A Note from Cottonwood Corners

Area newspapers and law enforcement personnel during the later part of the 1800s and the earliest part of the 1900s reported on the activities of those who were suspected or participated in the theft of livestock on the open range.  The following are some examples of one of those rustlers who lived on the Rosebud:

“This region (Charles Mix County) was infested by a tough gang of horse thieves and cut-throats in an early day.  Hartrett and Henry Hyer were hung in LaRoche Township in 1871.”  It is not known if Jack Sully was involved in rustling with these two individuals; however, it was reported that:  “Among those who enjoyed this hanging bee are said to have been William Kinkaid, Jack Sully, Bill Cunningham and others.”

In 1880 Sheriff Pennypacker, of Charles Mix County, offered a reward of three hundred dollars for the arrest of John Sully (alias John Gillon, alias Jack Jones) and Frank Edwards (alias Frank Clark).  Two hundred dollars was offered for the arrest of either one of the parties.   Jack Sully was five feet eight inches in height, had dark hair, mustache and goatee, sometimes a mustache and side whiskers, exhibited a down-cast look, had two upper front teeth out, and was about thirty-five years of age.  Frank Edwards was about thirty years of age, stoop shouldered, had light hair and wore a light mustache.  Both were wanted for grand larceny.

In November of 1901, The Minneapolis Journal reported: “Jack Sully, for twenty years the most notorious outlaw of South Dakota, accused of murdering seven men, leader of the Lyman County gang of robbers, horse rustler, cattle stealer and squaw man, has been arrested after many unsuccessful efforts by United States Marshalls, sheriffs, constables, detectives and posses, and is in jail.  Sully came to South Dakota in the pioneer days, without a past.  He never told where he came from and no one ever dared to ask him.  He gathered about him some twenty or twenty-five confederates, and entrenched himself on the highest hill in all Gregory County.”

In March of 1902, South Dakota papers reported that:  “Sheriff Swindler of Davison County is out on the man hunt in company with Captain Jack Foster of Chamberlain.  A week ago Sheriff Swindler was provided with a bench warrant issued from the Lyman County Court to arrest the notorious Jack Sully, who is one of the biggest cattle rustlers on the reservation.  It is reported the Lyman County Sheriff declined the job and it was turned over to Mr. Swindler.  He left Mitchell last Saturday and in company with Mr. Foster started from a point about sixty miles from Chamberlain to Sully’s place of concealment.”  They were never able to find Sully.

However, in late May of 1902:  “Sheriff Swindler and H. C. Preston arrived in Mitchell from Verdigree, Neb., accompanied by Jack Sully, where the sheriff succeeded in getting hold of the famous cattle rustler.  The capture of Sully is a most important one, as he is recognized as the leader of the rustlers on the reservation and with him taken care of behind the prison walls the cattlemen on the reservation feel that in a great measure the rustling gang will be broken up.”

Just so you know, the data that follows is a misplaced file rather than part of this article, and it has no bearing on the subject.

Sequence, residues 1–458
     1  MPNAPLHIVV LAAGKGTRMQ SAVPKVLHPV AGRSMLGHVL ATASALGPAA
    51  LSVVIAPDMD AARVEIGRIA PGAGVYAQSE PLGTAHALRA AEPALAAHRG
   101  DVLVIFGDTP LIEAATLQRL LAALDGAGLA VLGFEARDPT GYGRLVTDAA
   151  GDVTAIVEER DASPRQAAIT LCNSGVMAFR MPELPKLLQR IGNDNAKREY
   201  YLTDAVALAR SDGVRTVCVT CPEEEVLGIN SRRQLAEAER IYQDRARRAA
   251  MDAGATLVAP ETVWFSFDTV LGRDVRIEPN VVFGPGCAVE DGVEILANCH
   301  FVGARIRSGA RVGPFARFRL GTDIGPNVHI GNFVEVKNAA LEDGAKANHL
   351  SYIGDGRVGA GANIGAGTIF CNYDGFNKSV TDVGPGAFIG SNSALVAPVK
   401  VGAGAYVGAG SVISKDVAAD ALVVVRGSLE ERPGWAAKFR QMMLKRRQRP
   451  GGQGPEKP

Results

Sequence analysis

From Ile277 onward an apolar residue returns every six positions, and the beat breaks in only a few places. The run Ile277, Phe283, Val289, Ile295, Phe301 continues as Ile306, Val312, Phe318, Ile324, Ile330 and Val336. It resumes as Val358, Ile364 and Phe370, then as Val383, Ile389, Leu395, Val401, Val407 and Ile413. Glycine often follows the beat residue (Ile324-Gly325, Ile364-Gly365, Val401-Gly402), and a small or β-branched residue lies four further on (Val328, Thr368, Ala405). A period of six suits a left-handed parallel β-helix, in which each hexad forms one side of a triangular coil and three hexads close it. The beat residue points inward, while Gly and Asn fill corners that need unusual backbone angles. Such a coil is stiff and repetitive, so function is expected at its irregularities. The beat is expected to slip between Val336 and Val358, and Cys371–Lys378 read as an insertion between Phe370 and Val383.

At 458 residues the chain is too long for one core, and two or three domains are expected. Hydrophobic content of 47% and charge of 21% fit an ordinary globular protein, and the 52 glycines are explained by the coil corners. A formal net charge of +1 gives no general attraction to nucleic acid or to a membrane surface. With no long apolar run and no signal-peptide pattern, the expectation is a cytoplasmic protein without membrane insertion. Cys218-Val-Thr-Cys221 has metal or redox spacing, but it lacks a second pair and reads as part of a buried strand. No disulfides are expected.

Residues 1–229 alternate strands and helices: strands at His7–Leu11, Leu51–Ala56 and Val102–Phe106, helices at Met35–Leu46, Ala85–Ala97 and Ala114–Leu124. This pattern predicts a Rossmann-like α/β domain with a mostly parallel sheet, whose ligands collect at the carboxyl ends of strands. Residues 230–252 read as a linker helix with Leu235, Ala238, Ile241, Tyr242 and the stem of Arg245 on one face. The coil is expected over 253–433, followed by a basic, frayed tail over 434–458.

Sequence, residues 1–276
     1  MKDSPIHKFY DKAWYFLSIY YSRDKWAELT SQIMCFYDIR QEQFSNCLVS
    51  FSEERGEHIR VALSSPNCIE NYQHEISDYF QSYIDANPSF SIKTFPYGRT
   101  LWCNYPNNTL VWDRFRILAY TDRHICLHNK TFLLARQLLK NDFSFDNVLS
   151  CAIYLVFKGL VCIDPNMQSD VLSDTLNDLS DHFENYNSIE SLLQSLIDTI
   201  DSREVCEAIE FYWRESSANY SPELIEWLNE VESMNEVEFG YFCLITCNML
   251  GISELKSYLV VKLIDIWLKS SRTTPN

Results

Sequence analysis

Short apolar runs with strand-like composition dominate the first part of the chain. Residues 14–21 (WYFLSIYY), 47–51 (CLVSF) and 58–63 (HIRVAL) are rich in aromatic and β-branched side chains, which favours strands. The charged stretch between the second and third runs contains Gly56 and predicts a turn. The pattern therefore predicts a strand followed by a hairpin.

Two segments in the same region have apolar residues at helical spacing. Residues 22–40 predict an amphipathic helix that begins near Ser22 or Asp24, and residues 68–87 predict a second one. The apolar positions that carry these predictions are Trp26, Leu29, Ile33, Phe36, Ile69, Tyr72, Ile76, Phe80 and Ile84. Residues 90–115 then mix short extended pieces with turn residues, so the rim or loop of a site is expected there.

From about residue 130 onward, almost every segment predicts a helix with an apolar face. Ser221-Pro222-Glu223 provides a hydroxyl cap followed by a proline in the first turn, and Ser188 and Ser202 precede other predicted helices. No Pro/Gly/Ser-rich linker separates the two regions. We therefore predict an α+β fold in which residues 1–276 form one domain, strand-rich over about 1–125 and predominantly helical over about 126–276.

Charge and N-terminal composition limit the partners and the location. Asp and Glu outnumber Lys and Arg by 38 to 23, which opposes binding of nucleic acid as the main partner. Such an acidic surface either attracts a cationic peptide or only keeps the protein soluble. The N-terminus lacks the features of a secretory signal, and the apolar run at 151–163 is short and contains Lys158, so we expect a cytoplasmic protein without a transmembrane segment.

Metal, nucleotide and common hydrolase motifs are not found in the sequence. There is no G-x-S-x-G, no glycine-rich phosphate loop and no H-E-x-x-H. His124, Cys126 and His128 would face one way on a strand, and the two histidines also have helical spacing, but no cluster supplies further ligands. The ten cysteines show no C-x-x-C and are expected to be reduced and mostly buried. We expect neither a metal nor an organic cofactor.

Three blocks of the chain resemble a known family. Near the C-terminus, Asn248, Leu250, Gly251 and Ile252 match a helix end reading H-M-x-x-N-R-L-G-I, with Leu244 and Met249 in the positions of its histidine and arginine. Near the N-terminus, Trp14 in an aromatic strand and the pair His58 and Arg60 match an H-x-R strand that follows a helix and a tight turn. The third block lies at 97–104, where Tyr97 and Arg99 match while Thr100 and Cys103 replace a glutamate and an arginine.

In early June of 1902, “Jack Sully was taken to Brule County.  The Brule County Sheriff was not at all anxious to take the prisoner but he was finally prevailed upon to assume control of Sully.  He has so many friends over on the reservation that it is thought an attempt might be made to liberate him from the clutches of the law.  For the present, Sully will be kept in chains.  He is recognized as a desperate character and there is no need of taking any chances with him.”  It was reported at that time that “. . . the whole country over on the reservation is now infested with the rustlers. . . .”

The Sioux City Journal on June 17, 1902 reported that a representative of the Western South Dakota Stock Growers’ Association was on his way to Oacoma to assist in “the prosecution of Jack Sully, one of the most notorious cattle thieves in the west.”

There were twenty criminal cases, all for cattle rustling, to be tried in Lyman County.  The most important was that of “the notorious Jack Sully, who has been in the cattle rustling business on the reservation for a good many years, and until the present time he has successfully eluded the officers of the law . . . it has been difficult to secure convictions on these cattle rustling cases in Lyman County for the reason that the greater share of the residents in the county are afraid to convict one of these men for fear of revenge.”

In January of 1903, the Omaha Daily Bee reported that Jack Sully and Fred Baer had escaped from the Davison County jail.  They had been assisted by outside parties, who sawed the lock from the outside door and sawed their way into the jail.  After his escape, it was discovered that Jack was able to travel 205 miles in the saddle in less than two days.  It was believed that frequent relays of horses were furnished to the fugitive by his friends.  He was killed on Sully Flats in Gregory County on the morning of May 16, 1904 by a member of the posse which had been put together by U. S. Federal Marshall John Petrie.

It is interesting to note that a May 27, 1904, story in The Norfolk Weekly News-Journal is more tragic and revealing than the telegraphic reports which earlier came from Chamberlain.  Why?

Jack Sully was not the only individual in this part of the country during the last half of the 19th century and the early part of the 20th century who stole cattle and horses.  In fact, it is highly likely that he was not the most dangerous and notorious outlaw in South Dakota during that time.


Author Clarence Shoemaker, originally published in the Gregory Times-Advocate on January 18, 2023